Tags: kareem abdul jabbar | athletes | national anthem | protests | great

Kareem Abdul-Jabbar: Athletes' National Anthem Protests 'Great'

(CNN's "New Day")

By    |   Monday, 23 October 2017 03:36 PM

National Football League players and other professional athletes are not dishonoring the flag or their country by kneeling in protest during the national anthem, but are instead trying to hold America up to its own standards with how matters of justice are handled, National Basketball Association legend Kareem Abdul-Jabbar insisted on Monday — and he thinks it's "great."

"This is something they're concerned about, their families and the direction that our country is taking," Jabbar told CNN "New Day" anchor Chris Cuomo. "They have to make a statement about it. I think it's great. Sports has always been a vehicle for protest. We can start with Jackie Robinson. You know, the fact that he started playing may force people to think, we believe these people deserve to be on the field."

Players also are reminded about their own families when they see violent episodes taking place, said Jabbar.

"The reason that [Cleveland Cavaliers forward] LeBron James had so much to say about the death of young Tamir Rice is because LeBron is a parent," he said. "That could have been his son. The other members, the Cleveland Browns players that stepped forward, they were parents. They weren't doing this in some political fashion."

Cuomo noted that Jabbar has often spoken out, but he did it by writing "very thoughtful things," but Jabbar said younger athletes are seeing how their actions are bringing about change.

"I'm thinking now of the University of Missouri football team and they effected change and did it in a way it wasn't about their anger," said Jabbar. "It was about the issue that was a real issue that they wanted to speak about. So I think the most crucial aspect of this is for anyone who wants to make a statement to make sure it's not about anger and about the issue. And when people see that, they'll get over the fact that they were using this moment to make their protest. Because their protests are valid."

President Donald Trump has often attacked NFL players who continue to kneel during the national anthem, including saying in a tweet Monday that the players are "showing total disrespect" to the United States and its flag by their actions.

Jabbar, though, said he believes the NFL players are "going out of their way to convey their righteous anger and concern over issues."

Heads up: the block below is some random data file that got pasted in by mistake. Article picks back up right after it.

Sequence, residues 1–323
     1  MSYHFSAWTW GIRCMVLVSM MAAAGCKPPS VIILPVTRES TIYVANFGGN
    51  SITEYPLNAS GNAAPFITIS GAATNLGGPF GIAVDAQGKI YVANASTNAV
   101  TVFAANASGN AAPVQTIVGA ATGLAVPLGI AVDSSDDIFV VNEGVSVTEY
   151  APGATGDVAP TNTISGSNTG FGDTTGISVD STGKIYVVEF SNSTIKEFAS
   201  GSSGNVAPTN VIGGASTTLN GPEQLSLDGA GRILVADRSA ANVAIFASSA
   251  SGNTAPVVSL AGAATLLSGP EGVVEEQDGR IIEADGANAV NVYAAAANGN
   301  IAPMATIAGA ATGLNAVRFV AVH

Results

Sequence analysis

He also said he does not think their protests are being done in a destructive way.

"I think people are twisting the issue, because they don't want to talk about the fact that young black Americans are being shot down," said Jabbar.

Jabbar, a well-respected writer, said if he was still playing, he'd get out his pen and pad and write essays about his concerns, but he knows that there are many players who don't understand how to voice their concerns.

The basketball star is no stranger to protests for justice in the United States. He first achieved fame under his birth name, Lew Alcindor, but changed it officially in 1971, three years after he became a Muslim and then boycotted the 1968 Summer Olympics to protest the unequal treatment of African-Americans in the United States.

Meanwhile, Jabbar is being honored by the Ellis Island Foundation this week for his achievements as a son of immigrants. He explained that his father immigrated to New York in 1917, so his family has been in the country for 100 years.

"I'm very happy and proud to be an American and to be the second generation, you know, from my grandparents' arrival in this country," he said.

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National Football League players and other professional athletes are not dishonoring the flag or their country by kneeling in protest during the national anthem, but are instead trying to hold America up to its own standards with how matters of justice are handled, National...
kareem abdul jabbar, athletes, national anthem, protests, great
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2017-36-23
Monday, 23 October 2017 03:36 PM
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